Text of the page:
Compliance isn’t just about following rules. It’s about thoughtfully managing risk.
That’s the theme the FDIC keeps drilling into financial institutions and examiners as it continues to make updates to its Risk Management Manual of Examination Policies (RMS Manual) to ensure that exams focus on the areas of greatest risk.
The FDIC has been emphasizing the concept of risk-based exams for years. Examiners look at an FI’s risk management practices to see beyond the condition of the FI at that date in time and assess how well the FI will respond to changing market conditions considering its particular risk profile.
In short, examiners will invest their time and resources on identifying and examining areas of increased risk. Less attention is dedicated to areas of minimal risk.
The goal is to strengthen compliance by identifying and correcting any weaknesses in an FI’s conditions or practices before they have an impact.
Risk Management Manual of Examination Policies Updates
Last month the FDIC updated the RMS with a new section on Examination Planning that includes detailed instructions related to planning a Risk-Focused, Forward-Looking Safety and Soundness examination.
The section is a spin-off from another recent addition to the manual, Risk-Focused Forward-Looking Safety and Soundness Supervision, added as part of the new Appendix: Examination Processes and Tools, last summer.
The addition discusses the communication and risk-tailoring principles followed during safety and soundness examination activities. It’s not a new rule. It’s simply meant to provide a comprehensive description of the FDIC’s long-standing examination philosophy and methods that:
- Improve transparency of the FDIC’s examination practices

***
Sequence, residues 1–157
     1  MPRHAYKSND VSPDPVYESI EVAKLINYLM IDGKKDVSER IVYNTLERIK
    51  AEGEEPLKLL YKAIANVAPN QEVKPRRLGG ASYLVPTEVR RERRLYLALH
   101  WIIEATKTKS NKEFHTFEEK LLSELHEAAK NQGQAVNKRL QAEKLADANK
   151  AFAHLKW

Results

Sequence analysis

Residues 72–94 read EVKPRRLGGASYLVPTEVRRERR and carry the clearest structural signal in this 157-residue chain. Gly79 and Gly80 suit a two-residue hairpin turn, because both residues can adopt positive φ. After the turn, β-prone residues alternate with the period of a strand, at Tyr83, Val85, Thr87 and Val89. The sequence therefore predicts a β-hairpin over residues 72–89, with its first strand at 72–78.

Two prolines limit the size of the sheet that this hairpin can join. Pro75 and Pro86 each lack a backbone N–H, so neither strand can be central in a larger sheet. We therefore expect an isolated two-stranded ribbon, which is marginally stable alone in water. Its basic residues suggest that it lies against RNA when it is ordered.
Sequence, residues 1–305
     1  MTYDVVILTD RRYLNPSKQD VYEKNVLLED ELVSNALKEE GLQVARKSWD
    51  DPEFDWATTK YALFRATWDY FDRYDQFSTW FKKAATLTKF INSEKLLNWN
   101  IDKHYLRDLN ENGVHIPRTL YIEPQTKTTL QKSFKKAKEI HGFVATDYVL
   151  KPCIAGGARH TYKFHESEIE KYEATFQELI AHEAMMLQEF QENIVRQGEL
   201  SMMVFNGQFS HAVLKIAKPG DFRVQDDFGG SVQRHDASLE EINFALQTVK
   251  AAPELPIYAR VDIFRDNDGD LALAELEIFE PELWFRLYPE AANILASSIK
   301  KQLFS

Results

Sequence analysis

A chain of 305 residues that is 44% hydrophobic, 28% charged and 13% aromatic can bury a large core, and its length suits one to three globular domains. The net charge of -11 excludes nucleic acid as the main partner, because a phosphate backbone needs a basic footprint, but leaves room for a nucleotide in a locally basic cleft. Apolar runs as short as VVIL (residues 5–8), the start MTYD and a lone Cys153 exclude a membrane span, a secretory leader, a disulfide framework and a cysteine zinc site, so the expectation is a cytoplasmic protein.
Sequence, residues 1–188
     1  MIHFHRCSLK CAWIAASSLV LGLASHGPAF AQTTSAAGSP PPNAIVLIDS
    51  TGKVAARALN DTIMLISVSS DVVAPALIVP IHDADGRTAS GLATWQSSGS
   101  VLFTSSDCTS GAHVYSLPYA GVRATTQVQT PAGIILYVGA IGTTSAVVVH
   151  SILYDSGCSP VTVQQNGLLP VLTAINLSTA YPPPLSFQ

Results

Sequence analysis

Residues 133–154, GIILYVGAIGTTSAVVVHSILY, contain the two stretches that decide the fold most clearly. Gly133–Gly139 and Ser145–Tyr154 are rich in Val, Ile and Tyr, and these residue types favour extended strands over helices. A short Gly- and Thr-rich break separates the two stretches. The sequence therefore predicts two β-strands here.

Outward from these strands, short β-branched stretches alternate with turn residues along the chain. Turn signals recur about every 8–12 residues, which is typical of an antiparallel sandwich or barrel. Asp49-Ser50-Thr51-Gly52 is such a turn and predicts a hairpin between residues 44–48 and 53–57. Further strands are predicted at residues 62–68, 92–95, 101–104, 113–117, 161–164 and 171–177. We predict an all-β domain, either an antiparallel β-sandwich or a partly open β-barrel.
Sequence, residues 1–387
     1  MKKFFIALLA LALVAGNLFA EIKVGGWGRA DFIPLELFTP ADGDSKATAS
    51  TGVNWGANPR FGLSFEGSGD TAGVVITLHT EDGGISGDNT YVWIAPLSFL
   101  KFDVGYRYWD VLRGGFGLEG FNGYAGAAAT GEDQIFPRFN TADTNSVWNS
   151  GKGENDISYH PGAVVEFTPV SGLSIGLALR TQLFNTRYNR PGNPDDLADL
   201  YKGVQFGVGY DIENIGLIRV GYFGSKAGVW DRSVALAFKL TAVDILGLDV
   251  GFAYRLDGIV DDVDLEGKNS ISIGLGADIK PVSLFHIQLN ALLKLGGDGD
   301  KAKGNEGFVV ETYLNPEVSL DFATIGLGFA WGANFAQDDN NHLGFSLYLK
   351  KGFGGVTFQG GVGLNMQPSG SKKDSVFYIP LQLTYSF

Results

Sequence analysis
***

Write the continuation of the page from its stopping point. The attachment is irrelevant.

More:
- Reinforce the expectations placed on FDIC supervisory staff to conduct risk-focused forward-looking supervision through examination activities
- Emphasize the importance of clear and transparent communication and risk tailoring during the examination process
Why Update the Risk Management Manual?
In 2018, the FDIC Office of the Inspector General (OIG) found that while examiners were overall doing a good job by:
- Applying forward-looking supervision concepts during FI exams
- Rating institutions on risk
- Recommending correct actions
There was no comprehensive policy guidance document on Forward-Looking Supervision clarifying guidance on its purpose, goals, roles or responsibilities. That left it up to individual examiners. In a few cases, they failed to notify the board of concentrated risk management concerns.
Updating the manual ensures examinations will align with FFIEC risk-based examination principles, which instruct examiners to:
- Consider the unique risk profile, complexity, and business model of the institution when developing an examination plan.
- Analyze existing information such as Call Report data, publicly available information, and confidential supervisory information to help identify areas of higher and lower risk when planning examinations.
- Monitor financial institutions between examinations.
- Tailor the document request list based on the financial institution’s business model, complexity, risk profile and planned scope of review.
- Apply examination procedures in a way that reduces the level of review of low-risk institutions or low-risk areas.
- Discuss financial conditions, risk profiles, new or expanded business lines, and pertinent new supervisory or regulatory information with institution management prior to finalizing the scope of review.
Documenting Risk Management
The FDIC OIG report and the FDIC’s improved RMS Manual are a reminder that no matter how confident we are that our risk management practice is strong, risk isn’t properly managed without policies, procedures, and documentation.
Even when we have an educated, detail-oriented workforce, we can’t expect consistency without clear instructions and communication.
Risk management and compliance aren’t black and white. They’re about understanding what your FI is doing to manage its risks and determining if they fall within the limits of your FI’s risk appetite. It’s knowing which high-risk areas require the most resources and which low-risk activities require less.
The risk profile, complexity, and business model of every FI is different. That means that risk management is important not only for FIs, but also for their examiners, who must determine where to allocate their limited resources as well.
If your FI can’t identify its most significant risks, it won’t bode well at exam time when examiners need to make the same calculus. They will see that crucial work hasn’t been done and have to dig deeper to make those determinations.
Make sure your FI is keeping pace with risk management and examiner expectations.